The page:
When Jeff Bezos unveiled his vision of drones delivering packages to Amazon customers in late 2013, it struck many people as science fiction. But now, scarcely two years later, drones are poised to become a technology for not just delivering packages, but also monitoring agriculture, gathering news in urban environments, and even conducting search and rescue missions.
But before drone aviation can become pervasive, there needs to be a new infrastructure to define low-altitude avenues of flight, regulate traffic in congested areas, and prevent collisions.
On this front, the Stanford Intelligent Systems Laboratory (SISL) is part of a broad partnership led by NASA Ames to create an unpiloted aerial system traffic management system, or UTM, to manage the expected surge in these kind of flights.
“UTM is meant to fulfill a lot of the functions of air traffic control, but it will be in the cloud and largely automated,” says SISL Director Mykel Kochenderfer, assistant professor of aeronautics and astronautics at Stanford University.
NASA envisions that the UTM system will be able to support the orchestration of a huge number of drone operations without air traffic control operators monitoring each and every vehicle in the air. A key attribute of this system will involve automated conflict avoidance—software that can alert multiple drones when a collision is possible, and calculate the maneuvers necessary to avoid it.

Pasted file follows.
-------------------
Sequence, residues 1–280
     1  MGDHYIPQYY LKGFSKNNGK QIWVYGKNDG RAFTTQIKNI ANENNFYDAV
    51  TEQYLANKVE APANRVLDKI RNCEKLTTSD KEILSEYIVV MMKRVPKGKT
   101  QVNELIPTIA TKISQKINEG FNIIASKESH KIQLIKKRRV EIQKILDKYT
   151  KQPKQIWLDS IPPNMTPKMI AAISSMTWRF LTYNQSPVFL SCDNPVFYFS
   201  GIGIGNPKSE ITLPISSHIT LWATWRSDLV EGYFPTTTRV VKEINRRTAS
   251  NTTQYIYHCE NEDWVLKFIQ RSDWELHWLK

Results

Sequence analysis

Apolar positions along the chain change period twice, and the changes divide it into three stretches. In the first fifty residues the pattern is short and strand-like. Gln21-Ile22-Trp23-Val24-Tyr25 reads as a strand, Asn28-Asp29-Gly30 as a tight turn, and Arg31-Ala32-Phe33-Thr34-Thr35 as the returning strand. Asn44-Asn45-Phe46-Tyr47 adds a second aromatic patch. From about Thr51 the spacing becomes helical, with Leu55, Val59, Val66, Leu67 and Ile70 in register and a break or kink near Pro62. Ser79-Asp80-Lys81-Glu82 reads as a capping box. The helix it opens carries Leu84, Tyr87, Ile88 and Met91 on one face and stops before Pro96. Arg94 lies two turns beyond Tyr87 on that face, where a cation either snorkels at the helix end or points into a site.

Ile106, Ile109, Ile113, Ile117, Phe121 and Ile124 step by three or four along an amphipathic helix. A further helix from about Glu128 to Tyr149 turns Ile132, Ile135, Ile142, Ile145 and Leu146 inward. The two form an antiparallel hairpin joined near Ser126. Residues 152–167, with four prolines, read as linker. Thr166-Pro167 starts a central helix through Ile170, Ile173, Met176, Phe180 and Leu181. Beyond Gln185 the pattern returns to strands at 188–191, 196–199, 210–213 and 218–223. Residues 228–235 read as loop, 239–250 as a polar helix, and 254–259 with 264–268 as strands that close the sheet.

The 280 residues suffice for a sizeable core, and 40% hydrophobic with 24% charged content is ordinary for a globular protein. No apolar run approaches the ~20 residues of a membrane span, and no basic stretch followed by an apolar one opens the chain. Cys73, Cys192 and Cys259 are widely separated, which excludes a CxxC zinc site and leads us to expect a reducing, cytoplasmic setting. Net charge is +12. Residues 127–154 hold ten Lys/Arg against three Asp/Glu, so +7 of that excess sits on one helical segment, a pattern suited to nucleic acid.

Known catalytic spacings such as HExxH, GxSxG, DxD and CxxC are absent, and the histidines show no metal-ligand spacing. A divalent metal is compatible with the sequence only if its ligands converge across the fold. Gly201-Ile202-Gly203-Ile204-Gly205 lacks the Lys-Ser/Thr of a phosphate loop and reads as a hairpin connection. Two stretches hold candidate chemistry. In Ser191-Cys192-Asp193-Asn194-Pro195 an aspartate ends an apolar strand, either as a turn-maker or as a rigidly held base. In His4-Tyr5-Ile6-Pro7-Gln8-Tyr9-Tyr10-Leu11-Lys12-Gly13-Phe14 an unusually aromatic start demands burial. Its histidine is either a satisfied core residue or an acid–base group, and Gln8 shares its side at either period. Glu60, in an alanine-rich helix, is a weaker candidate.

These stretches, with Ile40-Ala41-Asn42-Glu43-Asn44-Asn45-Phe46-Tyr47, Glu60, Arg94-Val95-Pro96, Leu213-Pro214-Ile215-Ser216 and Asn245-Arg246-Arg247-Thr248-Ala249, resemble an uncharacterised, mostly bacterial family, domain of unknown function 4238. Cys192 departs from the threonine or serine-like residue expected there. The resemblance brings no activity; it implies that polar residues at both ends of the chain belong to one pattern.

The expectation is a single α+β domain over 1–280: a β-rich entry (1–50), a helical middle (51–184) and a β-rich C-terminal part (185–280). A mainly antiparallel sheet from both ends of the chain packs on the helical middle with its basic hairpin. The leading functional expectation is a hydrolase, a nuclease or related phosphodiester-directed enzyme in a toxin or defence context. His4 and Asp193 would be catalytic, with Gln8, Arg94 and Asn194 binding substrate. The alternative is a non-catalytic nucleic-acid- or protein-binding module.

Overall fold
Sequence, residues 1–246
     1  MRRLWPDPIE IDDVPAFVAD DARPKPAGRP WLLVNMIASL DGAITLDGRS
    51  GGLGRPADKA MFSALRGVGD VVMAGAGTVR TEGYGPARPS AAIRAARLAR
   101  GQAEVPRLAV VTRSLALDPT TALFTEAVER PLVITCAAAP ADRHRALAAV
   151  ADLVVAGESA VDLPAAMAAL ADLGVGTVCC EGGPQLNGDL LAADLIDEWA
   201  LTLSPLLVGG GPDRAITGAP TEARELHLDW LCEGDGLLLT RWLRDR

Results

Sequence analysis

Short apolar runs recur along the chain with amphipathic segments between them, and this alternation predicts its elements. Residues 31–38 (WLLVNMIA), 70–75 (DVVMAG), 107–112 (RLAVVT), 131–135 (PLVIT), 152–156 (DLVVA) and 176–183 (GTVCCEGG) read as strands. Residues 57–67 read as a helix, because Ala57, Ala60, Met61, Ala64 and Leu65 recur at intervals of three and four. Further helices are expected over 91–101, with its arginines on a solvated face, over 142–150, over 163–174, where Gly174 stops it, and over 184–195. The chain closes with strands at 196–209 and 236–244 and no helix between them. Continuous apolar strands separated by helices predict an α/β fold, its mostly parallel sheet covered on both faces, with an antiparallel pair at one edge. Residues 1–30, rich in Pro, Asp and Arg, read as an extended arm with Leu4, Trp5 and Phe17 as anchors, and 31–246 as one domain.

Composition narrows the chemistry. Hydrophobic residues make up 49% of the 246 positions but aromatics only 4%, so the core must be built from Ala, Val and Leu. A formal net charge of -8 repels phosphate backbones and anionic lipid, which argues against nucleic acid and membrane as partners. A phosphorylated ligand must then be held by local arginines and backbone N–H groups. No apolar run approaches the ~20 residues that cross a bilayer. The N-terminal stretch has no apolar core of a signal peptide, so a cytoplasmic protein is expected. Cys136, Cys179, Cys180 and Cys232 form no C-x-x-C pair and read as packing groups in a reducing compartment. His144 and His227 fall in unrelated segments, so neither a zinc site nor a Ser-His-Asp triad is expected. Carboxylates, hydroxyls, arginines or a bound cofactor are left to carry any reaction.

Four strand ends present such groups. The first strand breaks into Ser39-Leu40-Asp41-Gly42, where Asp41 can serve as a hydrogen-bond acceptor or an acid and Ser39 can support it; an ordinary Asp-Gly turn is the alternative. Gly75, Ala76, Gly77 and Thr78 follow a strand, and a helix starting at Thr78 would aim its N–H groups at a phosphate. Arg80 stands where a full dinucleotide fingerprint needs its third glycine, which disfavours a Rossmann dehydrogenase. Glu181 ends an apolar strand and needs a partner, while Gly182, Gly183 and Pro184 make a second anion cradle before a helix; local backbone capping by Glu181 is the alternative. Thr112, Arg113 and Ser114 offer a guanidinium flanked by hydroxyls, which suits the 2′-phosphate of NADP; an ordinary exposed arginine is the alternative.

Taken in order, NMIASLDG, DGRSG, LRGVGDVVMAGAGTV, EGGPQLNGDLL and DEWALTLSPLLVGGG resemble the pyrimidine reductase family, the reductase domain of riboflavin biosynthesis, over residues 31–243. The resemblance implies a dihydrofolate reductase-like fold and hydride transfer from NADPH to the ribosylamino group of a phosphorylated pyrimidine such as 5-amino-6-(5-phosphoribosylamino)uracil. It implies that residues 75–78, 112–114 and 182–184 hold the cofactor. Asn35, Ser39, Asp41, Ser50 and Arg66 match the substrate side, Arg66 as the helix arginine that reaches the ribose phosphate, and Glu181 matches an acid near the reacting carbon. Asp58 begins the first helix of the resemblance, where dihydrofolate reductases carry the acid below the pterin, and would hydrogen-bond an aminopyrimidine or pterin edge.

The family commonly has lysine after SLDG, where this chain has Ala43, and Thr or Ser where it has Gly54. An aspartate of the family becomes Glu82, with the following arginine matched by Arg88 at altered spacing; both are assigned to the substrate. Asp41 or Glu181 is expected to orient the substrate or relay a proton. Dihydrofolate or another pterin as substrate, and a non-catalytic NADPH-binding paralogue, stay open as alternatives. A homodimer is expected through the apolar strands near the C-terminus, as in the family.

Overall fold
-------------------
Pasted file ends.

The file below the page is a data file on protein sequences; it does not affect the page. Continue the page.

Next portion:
Kochenderfer recently coauthored a new paper with mechanical engineering graduate student Hao Yi Ong in which they detail a conflict-avoidance algorithm that, when implemented within the UTM system, will minimize the threat of low-altitude, unpiloted collisions.
The sheer projected number of drones would make it impractical to replicate the human-operated air traffic control system to regulate drone flights, Ong says.
Today the Federal Aviation Administration has 15,000 human controllers to manage roughly 87,000 pilot-driven flights per day.
Amazon’s drone projections alone could dwarf those numbers. Ong has conservatively estimated that Amazon Prime’s roughly 40 million subscribers could generate 130,000 drone deliveries per normal shopping day. And that’s before accounting for the dozens of other companies including Google and Matternet that are also developing commercial drone operations.
“You’re not going to hire another 30,000 people just to handle the traffic from drones,” Ong says. “It’s just not feasible.”
NASA envisions that the cloud-based, largely autonomous UTM system will roll out in a series of four builds with increasing capabilities. The first build, which was released in August, largely focuses on geo-fencing—GPS-based corridors for drone flights—to maintain safety and efficiency.
“That works for farming applications,” Ong says. “But once you want to start moving transport drones around urban areas, you can’t really do that, because you’re not going to block out the airspace over entire residential areas just for when your aircraft is flying through.”
Researchers believe that automated conflict avoidance is the best way to enable a greater density of flights in crowded areas. But automating conflict avoidance to deal with the volume of drone traffic will require new algorithms to predict and avoid potential collisions.